Date of this Version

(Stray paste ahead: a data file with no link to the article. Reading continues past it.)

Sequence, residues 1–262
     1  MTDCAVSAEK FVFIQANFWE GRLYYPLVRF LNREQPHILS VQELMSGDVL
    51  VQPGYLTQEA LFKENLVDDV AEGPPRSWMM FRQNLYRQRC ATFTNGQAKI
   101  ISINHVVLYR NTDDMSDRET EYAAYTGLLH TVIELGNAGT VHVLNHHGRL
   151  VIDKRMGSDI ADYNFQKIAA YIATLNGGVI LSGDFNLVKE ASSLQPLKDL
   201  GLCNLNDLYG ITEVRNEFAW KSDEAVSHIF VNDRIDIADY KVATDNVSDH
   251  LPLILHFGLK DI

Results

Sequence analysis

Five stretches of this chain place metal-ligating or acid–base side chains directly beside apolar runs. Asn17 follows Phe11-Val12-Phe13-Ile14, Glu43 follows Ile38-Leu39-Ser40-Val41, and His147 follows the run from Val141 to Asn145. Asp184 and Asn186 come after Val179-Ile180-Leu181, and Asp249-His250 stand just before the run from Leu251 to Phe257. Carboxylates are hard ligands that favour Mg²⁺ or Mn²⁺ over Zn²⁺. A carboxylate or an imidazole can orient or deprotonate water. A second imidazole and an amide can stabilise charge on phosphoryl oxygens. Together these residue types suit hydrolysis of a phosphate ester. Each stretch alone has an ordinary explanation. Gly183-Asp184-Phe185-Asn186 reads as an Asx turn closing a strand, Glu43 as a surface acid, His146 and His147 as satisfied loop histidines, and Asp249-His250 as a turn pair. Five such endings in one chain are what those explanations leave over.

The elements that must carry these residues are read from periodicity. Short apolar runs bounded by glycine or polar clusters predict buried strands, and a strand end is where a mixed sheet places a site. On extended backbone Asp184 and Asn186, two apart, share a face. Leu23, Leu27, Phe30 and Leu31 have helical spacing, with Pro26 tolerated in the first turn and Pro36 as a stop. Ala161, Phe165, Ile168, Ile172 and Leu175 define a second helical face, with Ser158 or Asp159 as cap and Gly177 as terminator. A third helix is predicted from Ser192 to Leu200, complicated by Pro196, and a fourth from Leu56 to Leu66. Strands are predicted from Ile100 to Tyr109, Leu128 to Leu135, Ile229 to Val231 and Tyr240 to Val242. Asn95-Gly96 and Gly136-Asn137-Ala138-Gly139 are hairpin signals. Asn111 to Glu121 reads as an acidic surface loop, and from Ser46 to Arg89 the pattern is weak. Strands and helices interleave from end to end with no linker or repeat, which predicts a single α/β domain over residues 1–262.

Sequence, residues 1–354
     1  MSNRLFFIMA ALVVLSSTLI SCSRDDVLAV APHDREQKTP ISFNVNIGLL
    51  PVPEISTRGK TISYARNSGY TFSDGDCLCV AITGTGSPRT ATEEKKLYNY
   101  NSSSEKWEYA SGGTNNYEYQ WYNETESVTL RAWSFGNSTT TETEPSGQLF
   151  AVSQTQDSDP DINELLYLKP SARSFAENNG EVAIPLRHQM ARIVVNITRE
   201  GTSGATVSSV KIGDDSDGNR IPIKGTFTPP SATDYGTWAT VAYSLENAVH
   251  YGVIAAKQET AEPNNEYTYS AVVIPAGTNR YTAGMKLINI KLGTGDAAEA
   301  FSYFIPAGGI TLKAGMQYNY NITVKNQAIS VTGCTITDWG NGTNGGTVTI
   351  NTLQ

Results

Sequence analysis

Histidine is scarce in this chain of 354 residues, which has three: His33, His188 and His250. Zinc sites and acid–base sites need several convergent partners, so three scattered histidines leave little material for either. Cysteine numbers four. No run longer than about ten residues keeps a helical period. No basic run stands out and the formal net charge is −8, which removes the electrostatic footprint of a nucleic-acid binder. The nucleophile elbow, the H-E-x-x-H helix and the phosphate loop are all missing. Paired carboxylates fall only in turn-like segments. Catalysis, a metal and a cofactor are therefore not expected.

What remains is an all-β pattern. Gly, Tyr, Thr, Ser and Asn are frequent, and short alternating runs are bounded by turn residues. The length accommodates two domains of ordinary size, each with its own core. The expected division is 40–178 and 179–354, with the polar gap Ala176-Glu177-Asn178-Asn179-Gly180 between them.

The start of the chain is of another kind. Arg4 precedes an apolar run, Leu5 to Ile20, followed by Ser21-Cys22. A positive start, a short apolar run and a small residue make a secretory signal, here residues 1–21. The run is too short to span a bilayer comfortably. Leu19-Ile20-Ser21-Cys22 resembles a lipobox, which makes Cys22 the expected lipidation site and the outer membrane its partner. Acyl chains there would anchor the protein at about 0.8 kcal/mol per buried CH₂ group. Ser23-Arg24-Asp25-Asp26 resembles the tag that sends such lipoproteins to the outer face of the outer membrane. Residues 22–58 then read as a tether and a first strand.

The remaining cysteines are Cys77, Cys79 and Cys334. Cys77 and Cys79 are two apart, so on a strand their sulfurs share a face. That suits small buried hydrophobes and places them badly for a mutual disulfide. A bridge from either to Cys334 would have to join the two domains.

The wing-polymorphic cricket, Gryllus firmus, contains (1) a flight-capable morph (LWf) with long wings and functional flight muscles, (2) a flightless morph with reduced wings and underdeveloped flight muscles (SW), and (3) a flightless morph with histolyzed flight muscles but with fully developed wings (LWh). The LWf morph differed genetically from the SW morph and phenotypically from the LWh morph in the size of flight muscles, ovarian growth during the first week of adulthood, and the hemolymph titer of juvenile hormone (JH). This is the first study to document that phenotypes that differ genetically in morphological aspects of dispersal capability and in ovarian growth also differ genetically in the titer of a hormone that potentially regulates those traits. The JH titer rose 9-100-fold during the photophase in the flight-capable LWf morph but did not change significantly during this time in either flightless morph. Prolonged elevation of the in vivo JH titer in flight-capable females, by topical application of a hormone analogue, caused a substantial increase in ovarian growth and histolysis of flight muscles. The short-term, diurnal rise in the JH titer in the dispersing morph may be a mechanism that allows JH to positively regulate nocturnal flight behavior, while not causing maladaptive histolysis of flight muscles and ovarian growth. This is the first demonstration of naturally occurring, genetically based variation for diurnal change in a hormone titer in any organism.